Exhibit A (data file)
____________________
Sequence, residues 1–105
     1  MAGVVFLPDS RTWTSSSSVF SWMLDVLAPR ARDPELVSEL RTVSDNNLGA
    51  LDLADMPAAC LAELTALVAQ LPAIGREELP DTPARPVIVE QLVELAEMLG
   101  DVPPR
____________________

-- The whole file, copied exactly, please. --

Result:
Sequence, residues 1–105
     1  MAGVVFLPDS RTWTSSSSVF SWMLDVLAPR ARDPELVSEL RTVSDNNLGA
    51  LDLADMPAAC LAELTALVAQ LPAIGREELP DTPARPVIVE QLVELAEMLG
   101  DVPPR